“The author of this psalm fled, seeking refuge and protection from his pursuers. Perhaps it refers to David’s flight from the wrath of Saul, though the sentiments expressed here can apply to anyone. With a freewill… it is good: This is a clear parallel to the Sacrifice of Christ, who obeyed the Father and willingly gave his life as an offering for our sins.” [3]

“The suffering of the prophet David is . . . a type of the passion of our God and Lord Jesus Christ. This is why David’s prayer also corresponds in sense with the prayer of Christ, who being the Word, was made flesh. As man, Christ suffered all things in a human fashion and spoke in a human fashion in everything he said. He, who bore human infirmities and took on himself the sins of people, approached God in prayer with the humility proper to human beings,” (Hilary of Poitiers, Homily on Psalm 54.4). [4]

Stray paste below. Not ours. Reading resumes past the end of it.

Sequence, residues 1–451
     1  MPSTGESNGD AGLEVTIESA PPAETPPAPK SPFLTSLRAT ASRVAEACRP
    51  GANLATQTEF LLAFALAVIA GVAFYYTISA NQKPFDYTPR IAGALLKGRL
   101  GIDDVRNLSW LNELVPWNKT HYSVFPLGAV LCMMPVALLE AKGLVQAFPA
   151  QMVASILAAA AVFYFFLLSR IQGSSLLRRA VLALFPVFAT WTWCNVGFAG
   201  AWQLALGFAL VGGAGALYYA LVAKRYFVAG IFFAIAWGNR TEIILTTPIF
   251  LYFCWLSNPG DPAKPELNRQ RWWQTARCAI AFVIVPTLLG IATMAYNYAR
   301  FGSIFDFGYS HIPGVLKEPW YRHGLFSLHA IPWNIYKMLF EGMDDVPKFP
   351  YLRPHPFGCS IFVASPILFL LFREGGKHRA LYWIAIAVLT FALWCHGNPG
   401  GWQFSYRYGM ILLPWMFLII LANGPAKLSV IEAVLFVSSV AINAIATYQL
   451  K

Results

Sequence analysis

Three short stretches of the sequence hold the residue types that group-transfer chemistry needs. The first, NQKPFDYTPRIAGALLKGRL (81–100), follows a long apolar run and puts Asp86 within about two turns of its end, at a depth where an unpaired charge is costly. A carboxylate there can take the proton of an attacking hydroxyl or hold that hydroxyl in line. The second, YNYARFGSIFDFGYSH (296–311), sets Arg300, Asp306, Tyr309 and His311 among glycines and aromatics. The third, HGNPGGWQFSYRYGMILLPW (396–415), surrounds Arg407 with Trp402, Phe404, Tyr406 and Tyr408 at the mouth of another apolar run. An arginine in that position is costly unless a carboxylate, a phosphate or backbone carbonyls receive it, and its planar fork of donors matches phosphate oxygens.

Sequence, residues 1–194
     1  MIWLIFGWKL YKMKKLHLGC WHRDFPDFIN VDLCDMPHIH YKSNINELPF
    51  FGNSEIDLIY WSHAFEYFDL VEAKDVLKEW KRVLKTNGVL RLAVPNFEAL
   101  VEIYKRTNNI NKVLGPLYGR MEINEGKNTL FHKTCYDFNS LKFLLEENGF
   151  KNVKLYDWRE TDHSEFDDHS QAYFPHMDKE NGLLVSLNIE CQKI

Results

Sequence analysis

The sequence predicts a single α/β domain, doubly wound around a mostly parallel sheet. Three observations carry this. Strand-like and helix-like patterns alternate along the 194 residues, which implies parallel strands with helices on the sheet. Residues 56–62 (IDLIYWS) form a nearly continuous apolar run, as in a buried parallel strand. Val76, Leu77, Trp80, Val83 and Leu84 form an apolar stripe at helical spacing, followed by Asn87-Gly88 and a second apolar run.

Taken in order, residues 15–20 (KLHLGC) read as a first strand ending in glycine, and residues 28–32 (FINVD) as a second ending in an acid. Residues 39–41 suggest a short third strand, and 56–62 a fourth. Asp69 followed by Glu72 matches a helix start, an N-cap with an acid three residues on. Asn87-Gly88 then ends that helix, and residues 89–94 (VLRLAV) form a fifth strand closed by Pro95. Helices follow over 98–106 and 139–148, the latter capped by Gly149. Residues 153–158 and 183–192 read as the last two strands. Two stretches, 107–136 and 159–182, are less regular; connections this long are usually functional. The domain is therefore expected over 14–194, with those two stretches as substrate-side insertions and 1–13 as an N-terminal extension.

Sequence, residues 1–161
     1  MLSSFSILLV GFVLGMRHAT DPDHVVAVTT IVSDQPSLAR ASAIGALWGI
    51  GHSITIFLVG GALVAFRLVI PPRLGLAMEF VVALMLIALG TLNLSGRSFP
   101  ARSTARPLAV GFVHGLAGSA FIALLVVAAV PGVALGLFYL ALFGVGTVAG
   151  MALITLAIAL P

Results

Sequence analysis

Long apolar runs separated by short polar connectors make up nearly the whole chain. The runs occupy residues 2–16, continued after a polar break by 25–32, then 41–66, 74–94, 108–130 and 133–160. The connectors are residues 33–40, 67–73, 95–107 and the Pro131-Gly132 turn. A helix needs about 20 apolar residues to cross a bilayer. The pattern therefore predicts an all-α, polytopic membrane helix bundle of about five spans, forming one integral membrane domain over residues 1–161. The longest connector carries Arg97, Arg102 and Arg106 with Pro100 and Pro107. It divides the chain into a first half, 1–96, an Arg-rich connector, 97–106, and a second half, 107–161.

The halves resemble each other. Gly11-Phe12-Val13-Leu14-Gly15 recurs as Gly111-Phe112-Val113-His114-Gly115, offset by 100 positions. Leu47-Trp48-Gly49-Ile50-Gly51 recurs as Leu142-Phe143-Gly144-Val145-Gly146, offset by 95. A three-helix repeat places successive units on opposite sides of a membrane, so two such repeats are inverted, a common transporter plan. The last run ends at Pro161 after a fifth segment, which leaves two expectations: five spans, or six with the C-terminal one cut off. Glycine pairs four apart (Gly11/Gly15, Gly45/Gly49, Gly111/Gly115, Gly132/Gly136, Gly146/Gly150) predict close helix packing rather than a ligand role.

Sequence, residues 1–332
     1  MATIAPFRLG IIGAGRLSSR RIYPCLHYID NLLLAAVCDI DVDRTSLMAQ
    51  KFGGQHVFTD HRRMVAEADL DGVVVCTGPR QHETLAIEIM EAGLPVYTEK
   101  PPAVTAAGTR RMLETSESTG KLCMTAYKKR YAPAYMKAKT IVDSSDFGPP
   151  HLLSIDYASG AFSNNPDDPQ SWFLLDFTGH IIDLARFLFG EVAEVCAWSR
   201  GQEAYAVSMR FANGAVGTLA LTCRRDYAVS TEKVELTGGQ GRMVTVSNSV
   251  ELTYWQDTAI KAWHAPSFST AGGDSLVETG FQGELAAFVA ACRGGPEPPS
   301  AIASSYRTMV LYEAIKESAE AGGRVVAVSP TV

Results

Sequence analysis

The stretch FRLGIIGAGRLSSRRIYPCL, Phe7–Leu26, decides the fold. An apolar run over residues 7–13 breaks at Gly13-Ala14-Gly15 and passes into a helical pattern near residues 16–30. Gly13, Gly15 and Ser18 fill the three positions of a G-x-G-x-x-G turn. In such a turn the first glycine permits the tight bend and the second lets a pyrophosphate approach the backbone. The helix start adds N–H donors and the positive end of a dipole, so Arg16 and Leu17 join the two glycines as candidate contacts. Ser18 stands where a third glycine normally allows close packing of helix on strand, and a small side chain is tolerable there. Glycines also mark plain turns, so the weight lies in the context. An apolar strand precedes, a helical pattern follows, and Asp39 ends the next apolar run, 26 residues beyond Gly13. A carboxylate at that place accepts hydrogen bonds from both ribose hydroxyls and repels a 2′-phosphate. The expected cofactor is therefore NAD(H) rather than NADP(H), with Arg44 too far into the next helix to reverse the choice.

Midday Prayer

From The Great Litany

By the mystery of thy holy Incarnation; by thy holy Nativity and submission to the Law; by thy Baptism, Fasting, and Temptation,

          Good Lord, deliver us. [5]

Midday Intercession

[6]

Short Verse

“For prayer is nothing else than being on terms of friendship with God.”

Saint Teresa of Avila
[7]
Five kings of Midian slain by Israel (illustration from the 1728 Figures de la Bible)
(wikipedia)

Midday Reading: Judges 6:1-10

Israel ignores a prophet of God